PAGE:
By Alex Klein and Tausif Noor
Written for Alserkal Online.
Rare is the insight that arrives without serious self-reflection. In the world of art museums, milestone anniversaries are often occasion for critical evaluation of the institution’s mission and future endeavors. In 2013, the Institute of Contemporary Art, University of Pennsylvania (ICA) in Philadelphia celebrated its 50th anniversary with a six-month long exhibition that drew inspiration from its past as a springboard for a slew of newly commissioned works, programs, screenings, performances, and installations that underscored the institution’s commitment to artists in the present.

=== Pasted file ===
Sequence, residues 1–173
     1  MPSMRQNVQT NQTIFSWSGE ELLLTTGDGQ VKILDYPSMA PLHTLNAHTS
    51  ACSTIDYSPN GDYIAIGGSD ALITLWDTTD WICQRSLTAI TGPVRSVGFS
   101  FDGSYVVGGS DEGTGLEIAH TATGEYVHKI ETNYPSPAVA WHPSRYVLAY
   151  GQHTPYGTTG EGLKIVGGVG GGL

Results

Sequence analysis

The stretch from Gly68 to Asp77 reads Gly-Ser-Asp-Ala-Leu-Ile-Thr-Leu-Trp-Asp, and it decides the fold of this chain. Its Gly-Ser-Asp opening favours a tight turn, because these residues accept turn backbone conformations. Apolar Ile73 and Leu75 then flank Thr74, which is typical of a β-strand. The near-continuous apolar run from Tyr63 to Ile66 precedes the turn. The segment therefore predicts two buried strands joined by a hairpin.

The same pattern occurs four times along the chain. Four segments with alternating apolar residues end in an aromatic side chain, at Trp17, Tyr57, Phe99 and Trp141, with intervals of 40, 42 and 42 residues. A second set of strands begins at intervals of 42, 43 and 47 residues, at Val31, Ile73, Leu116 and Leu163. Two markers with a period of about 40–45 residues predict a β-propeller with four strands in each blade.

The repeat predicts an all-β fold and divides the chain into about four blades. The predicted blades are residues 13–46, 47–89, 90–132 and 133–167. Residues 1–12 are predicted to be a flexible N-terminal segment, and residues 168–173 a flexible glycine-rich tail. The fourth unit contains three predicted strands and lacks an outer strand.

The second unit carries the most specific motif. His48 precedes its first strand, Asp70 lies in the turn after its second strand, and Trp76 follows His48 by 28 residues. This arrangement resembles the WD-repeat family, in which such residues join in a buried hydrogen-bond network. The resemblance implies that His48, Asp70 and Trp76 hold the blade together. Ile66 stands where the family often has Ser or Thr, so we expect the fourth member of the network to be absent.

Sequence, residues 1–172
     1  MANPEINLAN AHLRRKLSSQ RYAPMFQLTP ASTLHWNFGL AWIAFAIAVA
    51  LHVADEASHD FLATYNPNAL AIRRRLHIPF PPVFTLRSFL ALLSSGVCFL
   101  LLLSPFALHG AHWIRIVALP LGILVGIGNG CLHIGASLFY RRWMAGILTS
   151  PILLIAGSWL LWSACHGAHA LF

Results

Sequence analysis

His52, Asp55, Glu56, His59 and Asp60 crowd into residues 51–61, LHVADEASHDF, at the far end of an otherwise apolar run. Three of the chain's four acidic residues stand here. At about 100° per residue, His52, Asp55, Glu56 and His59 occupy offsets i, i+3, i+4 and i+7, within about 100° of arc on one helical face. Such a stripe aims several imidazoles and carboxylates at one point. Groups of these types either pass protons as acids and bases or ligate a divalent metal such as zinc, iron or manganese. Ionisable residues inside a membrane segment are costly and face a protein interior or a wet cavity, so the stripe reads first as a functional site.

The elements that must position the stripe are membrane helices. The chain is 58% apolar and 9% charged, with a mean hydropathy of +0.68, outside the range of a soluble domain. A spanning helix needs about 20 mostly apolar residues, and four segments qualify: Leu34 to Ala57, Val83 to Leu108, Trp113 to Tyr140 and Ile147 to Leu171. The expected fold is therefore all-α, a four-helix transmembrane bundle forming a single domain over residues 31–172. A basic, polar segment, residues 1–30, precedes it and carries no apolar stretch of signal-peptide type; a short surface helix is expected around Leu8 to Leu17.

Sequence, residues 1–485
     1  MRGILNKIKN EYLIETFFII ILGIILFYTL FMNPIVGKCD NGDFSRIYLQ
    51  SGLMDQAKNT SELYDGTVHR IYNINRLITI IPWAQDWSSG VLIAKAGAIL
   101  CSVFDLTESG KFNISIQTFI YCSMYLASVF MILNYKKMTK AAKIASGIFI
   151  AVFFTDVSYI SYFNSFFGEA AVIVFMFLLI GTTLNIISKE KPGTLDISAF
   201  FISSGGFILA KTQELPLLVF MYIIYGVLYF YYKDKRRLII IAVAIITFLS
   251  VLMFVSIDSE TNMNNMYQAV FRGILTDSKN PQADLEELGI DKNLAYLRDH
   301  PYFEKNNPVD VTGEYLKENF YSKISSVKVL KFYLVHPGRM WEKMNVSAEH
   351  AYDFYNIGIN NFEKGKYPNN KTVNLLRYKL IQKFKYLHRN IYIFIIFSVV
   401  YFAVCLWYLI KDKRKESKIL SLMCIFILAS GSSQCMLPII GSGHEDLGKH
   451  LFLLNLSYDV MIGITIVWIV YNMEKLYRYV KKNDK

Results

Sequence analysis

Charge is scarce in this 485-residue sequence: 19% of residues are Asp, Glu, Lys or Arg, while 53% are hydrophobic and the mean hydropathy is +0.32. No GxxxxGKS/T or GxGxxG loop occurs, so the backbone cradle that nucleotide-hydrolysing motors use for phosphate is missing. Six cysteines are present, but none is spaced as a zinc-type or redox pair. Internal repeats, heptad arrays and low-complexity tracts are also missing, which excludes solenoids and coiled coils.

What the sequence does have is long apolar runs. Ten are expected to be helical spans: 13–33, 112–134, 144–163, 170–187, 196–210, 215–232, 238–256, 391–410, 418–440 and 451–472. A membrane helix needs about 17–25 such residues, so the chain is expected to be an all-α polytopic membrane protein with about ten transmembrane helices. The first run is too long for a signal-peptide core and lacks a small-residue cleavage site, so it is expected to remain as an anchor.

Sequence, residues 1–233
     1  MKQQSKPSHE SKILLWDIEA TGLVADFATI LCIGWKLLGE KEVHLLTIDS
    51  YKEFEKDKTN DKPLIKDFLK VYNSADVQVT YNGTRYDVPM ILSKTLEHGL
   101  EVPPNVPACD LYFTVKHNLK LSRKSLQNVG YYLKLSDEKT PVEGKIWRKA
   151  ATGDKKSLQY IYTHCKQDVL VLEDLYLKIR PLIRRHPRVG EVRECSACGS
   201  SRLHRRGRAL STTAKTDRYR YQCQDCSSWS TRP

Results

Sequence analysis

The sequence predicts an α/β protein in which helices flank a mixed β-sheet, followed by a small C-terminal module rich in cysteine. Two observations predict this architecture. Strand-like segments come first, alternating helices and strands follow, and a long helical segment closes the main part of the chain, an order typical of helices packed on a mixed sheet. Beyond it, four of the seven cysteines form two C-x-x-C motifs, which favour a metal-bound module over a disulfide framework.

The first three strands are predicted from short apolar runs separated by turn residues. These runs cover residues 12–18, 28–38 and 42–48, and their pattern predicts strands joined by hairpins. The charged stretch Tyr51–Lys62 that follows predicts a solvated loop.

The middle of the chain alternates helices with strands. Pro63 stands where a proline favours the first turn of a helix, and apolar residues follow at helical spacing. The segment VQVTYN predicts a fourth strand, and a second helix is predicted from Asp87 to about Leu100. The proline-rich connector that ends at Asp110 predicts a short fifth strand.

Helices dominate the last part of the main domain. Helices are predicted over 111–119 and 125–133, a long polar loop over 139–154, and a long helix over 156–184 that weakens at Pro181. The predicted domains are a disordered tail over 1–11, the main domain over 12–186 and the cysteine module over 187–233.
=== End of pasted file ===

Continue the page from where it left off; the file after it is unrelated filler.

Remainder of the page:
Yet, after the exhibition, a few burning questions remained. What, exactly, did the “institute” in the ICA’s name signify across its history and how could it be reimagined going forward? How did it set itself apart from other non-collecting contemporary arts organisation or similarly-scaled kunsthalles? Our investigation began with an earnest look into the ICA’s archives: we pored over previous mission statements and searched databases in the University of Pennsylvania archives. Very quickly, we recognized the need to expand our questions and look outward beyond our own walls. What potentials might an “institute,” focused on contemporary art within the context of a major research university and open to the public, hold today? What was the function and the future of the institution? Who plays a role in shaping it?
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